That’s a big list of accomplishments for a spending bill. And it goes to show that no matter how Congress chooses to do its business, your NRA-ILA will make sure that our Second Amendment rights are protected.

TRENDING NOW
Fourth Circuit Court of Appeals Ignores Heller: No Protection for Guns It Deems “Dangerous”

News  

Wednesday, February 22, 2017

Fourth Circuit Court of Appeals Ignores Heller: No Protection for Guns It Deems “Dangerous”

Ever since the U.S. Supreme Court’s opinions in Heller and McDonald, many of the lower U.S. courts have been making up their own rules when it comes to the Second Amendment. Tuesday’s outrageous opinion by ...

Hawaii: Anti-Gun Legislation Passes Committee

Thursday, February 23, 2017

Hawaii: Anti-Gun Legislation Passes Committee

SB 898, sponsored by state Senator Ronald Kouchi (D-8), would permanently strip an individual of their Second Amendment rights, not based on a criminal conviction or mental adjudication, but based on a quasi-criminal proceeding.  The ...

Kentucky: Senate Constitutional/Permitless Carry Legislation Amended

Wednesday, February 22, 2017

Kentucky: Senate Constitutional/Permitless Carry Legislation Amended

Today, Senator Robin Webb (D-18) offered a strike and insert amendment to constitutional/permitless carry legislation, Senate Bill 7.

New Hampshire Governor Signs Constitutional Carry Into Law

News  

Wednesday, February 22, 2017

New Hampshire Governor Signs Constitutional Carry Into Law

Measure Effective Immediately. Today was a great victory for gun owners in New Hampshire when Gov. Chris Sununu signed Senate Bill 12 into law, allowing law-abiding New Hampshirites to carry their firearms in the manner that ...

Washington: Anti-Gun Legislation Could be Heard on the Floor Next Week

Friday, February 24, 2017

Washington: Anti-Gun Legislation Could be Heard on the Floor Next Week

As early as next week, the Washington House of Representatives could hear and vote on House Bill 1122 and House Bill 1483.

West Virginia: Pro-Carry Legislation Introduced

Wednesday, February 22, 2017

West Virginia: Pro-Carry Legislation Introduced

Multiple pro-gun bills were introduced this week in the West Virginia Legislature that seek to provide protections to West Virginians who choose to carry a firearm for self-defense. 

Amicus Briefs Filed in Support of Petition for Supreme Court Review in Peruta Right-to-Carry Case

Friday, February 24, 2017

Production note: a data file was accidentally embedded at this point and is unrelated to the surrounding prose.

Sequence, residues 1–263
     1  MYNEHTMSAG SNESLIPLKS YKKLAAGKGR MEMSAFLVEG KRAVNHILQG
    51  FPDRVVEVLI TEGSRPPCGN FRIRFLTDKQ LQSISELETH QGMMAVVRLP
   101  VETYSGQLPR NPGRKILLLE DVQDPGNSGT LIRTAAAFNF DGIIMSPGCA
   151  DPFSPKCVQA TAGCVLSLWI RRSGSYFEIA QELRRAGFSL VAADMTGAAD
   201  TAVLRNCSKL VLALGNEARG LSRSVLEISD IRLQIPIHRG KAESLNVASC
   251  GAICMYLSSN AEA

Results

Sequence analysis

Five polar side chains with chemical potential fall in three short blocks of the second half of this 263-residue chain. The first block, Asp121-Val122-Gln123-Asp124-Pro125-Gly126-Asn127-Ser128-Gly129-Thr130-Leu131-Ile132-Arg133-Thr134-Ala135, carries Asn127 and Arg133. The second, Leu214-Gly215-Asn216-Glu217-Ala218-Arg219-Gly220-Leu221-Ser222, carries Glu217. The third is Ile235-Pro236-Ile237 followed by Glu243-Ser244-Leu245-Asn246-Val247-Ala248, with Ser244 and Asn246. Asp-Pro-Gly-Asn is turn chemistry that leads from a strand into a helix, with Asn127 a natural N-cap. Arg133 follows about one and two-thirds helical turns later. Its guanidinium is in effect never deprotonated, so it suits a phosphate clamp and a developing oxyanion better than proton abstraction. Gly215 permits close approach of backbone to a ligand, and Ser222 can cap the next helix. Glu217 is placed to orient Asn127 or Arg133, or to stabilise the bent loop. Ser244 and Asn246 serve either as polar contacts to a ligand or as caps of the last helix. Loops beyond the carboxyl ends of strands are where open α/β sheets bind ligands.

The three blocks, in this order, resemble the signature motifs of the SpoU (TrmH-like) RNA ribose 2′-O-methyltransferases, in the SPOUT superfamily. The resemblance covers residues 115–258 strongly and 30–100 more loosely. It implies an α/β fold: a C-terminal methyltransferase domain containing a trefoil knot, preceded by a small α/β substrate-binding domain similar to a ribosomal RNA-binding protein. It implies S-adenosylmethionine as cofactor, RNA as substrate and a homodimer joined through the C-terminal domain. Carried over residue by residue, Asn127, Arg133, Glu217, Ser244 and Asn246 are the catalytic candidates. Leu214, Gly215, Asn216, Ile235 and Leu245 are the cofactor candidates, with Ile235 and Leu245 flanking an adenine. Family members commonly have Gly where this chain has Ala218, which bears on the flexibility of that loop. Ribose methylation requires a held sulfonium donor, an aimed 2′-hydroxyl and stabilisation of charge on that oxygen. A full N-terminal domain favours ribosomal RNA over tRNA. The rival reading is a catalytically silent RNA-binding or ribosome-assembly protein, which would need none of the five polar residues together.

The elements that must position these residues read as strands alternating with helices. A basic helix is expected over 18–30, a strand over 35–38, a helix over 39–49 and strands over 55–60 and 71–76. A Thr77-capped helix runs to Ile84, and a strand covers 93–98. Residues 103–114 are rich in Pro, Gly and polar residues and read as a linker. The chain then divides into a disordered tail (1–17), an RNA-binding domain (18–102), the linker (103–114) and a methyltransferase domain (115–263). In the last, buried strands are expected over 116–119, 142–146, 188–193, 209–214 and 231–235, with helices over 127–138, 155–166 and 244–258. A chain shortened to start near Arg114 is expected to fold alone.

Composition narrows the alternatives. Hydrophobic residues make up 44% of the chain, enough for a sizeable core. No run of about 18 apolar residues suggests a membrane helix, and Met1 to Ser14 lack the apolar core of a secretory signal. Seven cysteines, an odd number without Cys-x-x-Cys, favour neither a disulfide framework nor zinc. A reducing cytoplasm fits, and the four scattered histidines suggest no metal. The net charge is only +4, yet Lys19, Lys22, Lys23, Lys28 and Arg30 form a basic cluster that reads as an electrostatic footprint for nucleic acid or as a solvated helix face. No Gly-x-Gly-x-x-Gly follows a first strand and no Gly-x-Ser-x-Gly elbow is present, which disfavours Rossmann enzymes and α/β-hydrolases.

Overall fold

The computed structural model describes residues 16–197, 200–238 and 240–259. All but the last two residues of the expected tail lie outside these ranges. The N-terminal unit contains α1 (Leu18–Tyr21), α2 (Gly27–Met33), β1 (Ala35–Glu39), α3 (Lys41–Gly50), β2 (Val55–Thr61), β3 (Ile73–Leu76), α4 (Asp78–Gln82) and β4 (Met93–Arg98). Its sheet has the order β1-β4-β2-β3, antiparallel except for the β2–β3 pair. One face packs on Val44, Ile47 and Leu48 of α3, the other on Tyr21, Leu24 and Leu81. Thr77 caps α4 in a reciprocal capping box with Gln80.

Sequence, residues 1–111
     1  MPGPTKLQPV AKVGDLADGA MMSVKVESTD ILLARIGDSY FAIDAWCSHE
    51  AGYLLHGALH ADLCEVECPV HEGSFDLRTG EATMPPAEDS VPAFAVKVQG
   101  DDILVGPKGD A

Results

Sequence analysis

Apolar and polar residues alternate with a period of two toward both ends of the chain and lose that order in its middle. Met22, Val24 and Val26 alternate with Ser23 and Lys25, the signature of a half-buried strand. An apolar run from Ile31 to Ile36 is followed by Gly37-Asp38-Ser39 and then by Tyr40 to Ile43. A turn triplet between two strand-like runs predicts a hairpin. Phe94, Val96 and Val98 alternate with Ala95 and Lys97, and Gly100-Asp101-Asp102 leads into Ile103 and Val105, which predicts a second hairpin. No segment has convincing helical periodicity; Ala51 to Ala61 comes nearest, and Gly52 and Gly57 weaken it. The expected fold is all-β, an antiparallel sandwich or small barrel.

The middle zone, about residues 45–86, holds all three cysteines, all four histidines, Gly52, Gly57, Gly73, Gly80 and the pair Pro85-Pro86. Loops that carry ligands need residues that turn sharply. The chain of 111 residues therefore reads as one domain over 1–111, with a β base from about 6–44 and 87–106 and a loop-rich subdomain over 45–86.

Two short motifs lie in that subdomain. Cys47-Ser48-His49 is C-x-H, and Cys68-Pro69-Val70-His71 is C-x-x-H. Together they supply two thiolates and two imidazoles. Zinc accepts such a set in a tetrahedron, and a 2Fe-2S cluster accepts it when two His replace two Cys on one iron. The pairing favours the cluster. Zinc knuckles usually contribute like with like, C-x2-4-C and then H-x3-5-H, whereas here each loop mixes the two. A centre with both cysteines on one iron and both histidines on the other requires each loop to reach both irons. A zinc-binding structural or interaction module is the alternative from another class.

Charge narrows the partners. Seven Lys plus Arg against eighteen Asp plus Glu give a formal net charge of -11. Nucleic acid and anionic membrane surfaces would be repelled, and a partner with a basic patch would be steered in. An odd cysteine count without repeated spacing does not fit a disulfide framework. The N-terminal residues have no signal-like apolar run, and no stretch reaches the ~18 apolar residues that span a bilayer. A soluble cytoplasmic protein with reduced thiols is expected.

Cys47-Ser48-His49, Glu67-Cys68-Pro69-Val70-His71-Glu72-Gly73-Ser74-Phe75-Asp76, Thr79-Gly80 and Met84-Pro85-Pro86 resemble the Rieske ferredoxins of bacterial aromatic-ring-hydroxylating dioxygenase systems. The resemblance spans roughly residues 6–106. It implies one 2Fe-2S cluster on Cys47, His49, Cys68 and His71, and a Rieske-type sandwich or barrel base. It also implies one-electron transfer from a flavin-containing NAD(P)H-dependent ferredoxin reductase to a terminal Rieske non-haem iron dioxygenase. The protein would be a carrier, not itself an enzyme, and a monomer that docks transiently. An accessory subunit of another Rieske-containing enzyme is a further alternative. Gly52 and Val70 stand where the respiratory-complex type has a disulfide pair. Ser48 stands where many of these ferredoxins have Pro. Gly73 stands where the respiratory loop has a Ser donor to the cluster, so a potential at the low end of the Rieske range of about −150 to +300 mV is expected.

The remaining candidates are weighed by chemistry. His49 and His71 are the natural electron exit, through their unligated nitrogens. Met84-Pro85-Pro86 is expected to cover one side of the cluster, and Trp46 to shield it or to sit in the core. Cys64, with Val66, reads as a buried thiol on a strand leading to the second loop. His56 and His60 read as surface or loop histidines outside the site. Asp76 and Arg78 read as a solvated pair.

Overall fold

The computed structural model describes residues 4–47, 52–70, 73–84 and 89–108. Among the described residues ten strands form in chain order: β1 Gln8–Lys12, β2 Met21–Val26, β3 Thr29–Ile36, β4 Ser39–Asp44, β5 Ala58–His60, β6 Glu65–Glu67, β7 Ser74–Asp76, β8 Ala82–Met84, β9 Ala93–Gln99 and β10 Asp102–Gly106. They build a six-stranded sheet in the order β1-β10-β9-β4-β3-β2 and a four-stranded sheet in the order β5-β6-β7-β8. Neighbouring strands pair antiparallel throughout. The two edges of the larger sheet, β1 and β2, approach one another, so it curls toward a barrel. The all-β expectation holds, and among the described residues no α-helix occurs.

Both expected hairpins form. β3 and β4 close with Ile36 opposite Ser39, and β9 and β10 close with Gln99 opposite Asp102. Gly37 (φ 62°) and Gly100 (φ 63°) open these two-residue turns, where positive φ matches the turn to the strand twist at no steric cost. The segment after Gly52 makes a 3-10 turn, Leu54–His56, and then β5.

Amicus Briefs Filed in Support of Petition for Supreme Court Review in Peruta Right-to-Carry Case

In January, California Rifle & Pistol Association attorneys filed a petitionwith the United States Supreme Court asking the Court to review the NRA-supported case of Peruta v. California, which seeks to confirm that the Second ...

South Dakota: Bill Attempting to Silence NRA Passed by House Committee

Wednesday, February 22, 2017

South Dakota: Bill Attempting to Silence NRA Passed by House Committee

Today, the House Judiciary Committee heard and passed House Bill 1200 by a 9-3 vote. 

Iowa: Pro-Gun Bill Passes Subcommittee

Thursday, February 23, 2017

Iowa: Pro-Gun Bill Passes Subcommittee

Today, House Study Bill 133, the omnibus bill which would make many pro-gun reforms for Iowa gun owners, passed its subcommittee hearing.  HSB 133 will now go to the full House Judiciary Committee for further consideration.  ...

Taxachusetts: Bay State Politician Wants to Soak Gun Owners

News  

Friday, February 24, 2017

Taxachusetts: Bay State Politician Wants to Soak Gun Owners

In an attempt to further punish Massachusetts’s beleaguered gun owners, on January 20, Massachusetts State Senator Cynthia S. Creem filed SD.1884. The legislation includes a raft of gun control measures, not the least of which ...

MORE TRENDING +
LESS TRENDING -
NRA ILA

Established in 1975, the Institute for Legislative Action (ILA) is the "lobbying" arm of the National Rifle Association of America. ILA is responsible for preserving the right of all law-abiding individuals in the legislative, political, and legal arenas, to purchase, possess and use firearms for legitimate purposes as guaranteed by the Second Amendment to the U.S. Constitution.